For indoor use, I think a wire crate is best. Now, what you need to do is introduce your dog to the crate. Put it in an area where you and the rest of your family typically hang out; the kitchen or the family room are good choices. Put a blanket on the floor, and put some toys in the crate. Speake to your dog in a happy tone so that he gets the idea that being in the crate will be a good experience. Make sure that the door is opened wide so that it doesn’t hit your dog on the butt as he tries to enter the crate.
Now, throw in some treats. When your dog is inside the crate, quietly close the door.
Your dog needs to see you, to know that you are still there.
Okay, that’s half the battle. You have your dog inside the crate. Now, you want to make sure that he feels comfortable staying there. Hang out with your dog. Sit next to the crate and read a book, or use your laptop to catch up on your emails. If your dog is crying in the crate, speak softly and reassuringly to him.
Now, take it up a notch. Put your dog in the crate close to feeding time, and follow the steps I’ve already outlined. When it’s time for dinner, though, put the meal in the crate. This is another way of showing your dog that good things are going to happen in the crate.
If your dog seems a bit skittish at first, you can leave the door open while you feed. As he becomes more at ease, close the door. And finally, leave the door closed for a while after he’s done eating.
Some dogs are very crate-resistant, and will whine and cry until they’re let out. I know this sounds harsh, but the best thing you can do if you want to get your dog accustomed to the crate is to let him cry. Eventually, he’ll tire himself out and go to sleep. Then when he wakes up, he’ll probably start whining again. You can let him out, but let him cry for a bit first. You don’t want him to get the idea that whining means that he gets out of the crate.
Once your dog is eating in the crate and not whining to get out, you can feel safe in leaving him there for longer periods.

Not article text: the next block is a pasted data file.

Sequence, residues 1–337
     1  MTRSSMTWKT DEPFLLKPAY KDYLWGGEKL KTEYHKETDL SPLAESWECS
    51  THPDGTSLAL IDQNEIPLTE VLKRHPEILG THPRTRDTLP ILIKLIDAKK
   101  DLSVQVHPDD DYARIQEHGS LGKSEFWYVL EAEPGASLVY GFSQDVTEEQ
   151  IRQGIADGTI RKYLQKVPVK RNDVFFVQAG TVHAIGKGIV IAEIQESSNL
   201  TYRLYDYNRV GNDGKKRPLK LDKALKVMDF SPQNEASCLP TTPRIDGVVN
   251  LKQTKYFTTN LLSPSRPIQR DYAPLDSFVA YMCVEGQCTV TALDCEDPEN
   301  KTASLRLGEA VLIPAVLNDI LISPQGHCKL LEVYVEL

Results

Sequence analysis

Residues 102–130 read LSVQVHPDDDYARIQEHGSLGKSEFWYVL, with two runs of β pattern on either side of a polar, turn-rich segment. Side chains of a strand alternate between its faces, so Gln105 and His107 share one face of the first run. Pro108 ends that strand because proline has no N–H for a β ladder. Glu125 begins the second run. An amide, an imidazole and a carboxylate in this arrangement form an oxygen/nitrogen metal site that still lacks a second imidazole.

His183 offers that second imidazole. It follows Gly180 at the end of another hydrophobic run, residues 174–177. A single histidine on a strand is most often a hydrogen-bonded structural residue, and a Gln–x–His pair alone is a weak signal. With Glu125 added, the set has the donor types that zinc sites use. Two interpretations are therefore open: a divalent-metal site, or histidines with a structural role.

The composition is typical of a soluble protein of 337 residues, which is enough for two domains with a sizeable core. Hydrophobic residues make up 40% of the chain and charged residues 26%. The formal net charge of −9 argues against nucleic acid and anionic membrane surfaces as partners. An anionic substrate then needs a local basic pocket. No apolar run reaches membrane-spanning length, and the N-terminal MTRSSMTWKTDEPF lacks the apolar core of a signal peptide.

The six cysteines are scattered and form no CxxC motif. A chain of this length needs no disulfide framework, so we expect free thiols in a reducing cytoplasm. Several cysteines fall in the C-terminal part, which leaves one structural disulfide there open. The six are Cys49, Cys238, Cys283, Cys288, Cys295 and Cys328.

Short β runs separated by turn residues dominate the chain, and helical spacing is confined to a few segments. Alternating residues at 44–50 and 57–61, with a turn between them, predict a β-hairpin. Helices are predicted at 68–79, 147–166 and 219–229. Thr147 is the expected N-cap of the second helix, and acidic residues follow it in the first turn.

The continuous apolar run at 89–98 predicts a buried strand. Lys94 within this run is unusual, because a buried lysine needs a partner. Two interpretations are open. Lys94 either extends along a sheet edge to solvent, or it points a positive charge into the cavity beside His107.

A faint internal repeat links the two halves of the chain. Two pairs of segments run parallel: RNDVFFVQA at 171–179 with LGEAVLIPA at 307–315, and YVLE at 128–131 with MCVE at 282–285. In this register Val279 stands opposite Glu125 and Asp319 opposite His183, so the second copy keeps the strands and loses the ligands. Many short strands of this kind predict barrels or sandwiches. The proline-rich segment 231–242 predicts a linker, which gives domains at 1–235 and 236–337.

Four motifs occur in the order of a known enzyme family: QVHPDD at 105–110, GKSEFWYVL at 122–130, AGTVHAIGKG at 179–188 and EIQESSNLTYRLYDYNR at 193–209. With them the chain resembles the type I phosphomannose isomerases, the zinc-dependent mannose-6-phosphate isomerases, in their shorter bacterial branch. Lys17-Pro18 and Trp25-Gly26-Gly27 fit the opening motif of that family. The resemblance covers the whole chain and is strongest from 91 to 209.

One of the biggest problems with having a young dog is potty training, and usually if a dog is un-crated, accidents will happen during the night.
What you need to do here is keep the crate close to you for the first little while so that you can hear your dog crying in the crate. He wants to go out to do his business, and you don’t want him to think that he’s somehow being punished by being confined to a crate. So sleep with one ear open, and if you hear your dog crying in the crate, take him outside. Whatever you do, don’t ignore him; if you do, he’s going to connect the crate with isolation and the fear of eliminating where he would really prefer not to.
Once your puppy or dog is sleeping through the night without crying in the crate, you can, if you like, move the crate farther away – out of your bedroom. I would point out, though, that there’s really no reason for you to do that, because any time spent with your dog – even if you’re both asleep – facilitates bonding.
Most of the time, if your dog is crying in his crate, he’s lonely or he needs to go out and do his business. Sometimes, though, dogs will be a bit manipulative – you might have a dog that just wants attention, doesn’t really need to go out, but knows that if he is crying in his crate, you’ll pay attention to him.
Try ignoring the behavior, and if you’re really confident that he doesn’t have to go out, don’t give in to your dog. If you do, you’ll just be teaching him that if he whines, he’ll get what he wants, and then you might have to start crate training all over again.
As a footnote, we should talk about separation anxiety. This is very different from a dog trying to manipulate, or a dog that genuinely needs to go potty. Some dogs are so afraid of being apart from their humans that even a wire crate that allows full view of the human isn’t enough to make the dog feel safe. Your dog isn’t trying to be perverse; he’s genuinely terrified of being separated from you. You might need to get help from an animal behaviorist that specializes in separation anxiety, because if you don’t, your dog could actually hurt himself trying to get out of the crate when you’re not around.
With separation anxiety, a crate is not a good idea. In fact, it’s just going to make matters worse. So if your dog is not just crying in his crate, if he’s actually hysterical, please don’t crate him. Get help.
Some dogs react very well to being in a crate. Others need a bit of an introduction. Most of the time, dogs will come to enjoy having a place to call their own. Crate training is generally easy, but when it comes to dogs that have separation anxiety, it can be very nearly impossible and might require professional intervention.
If you take the time, though, and have the patience, most dogs will be very happy to spend time in a crate.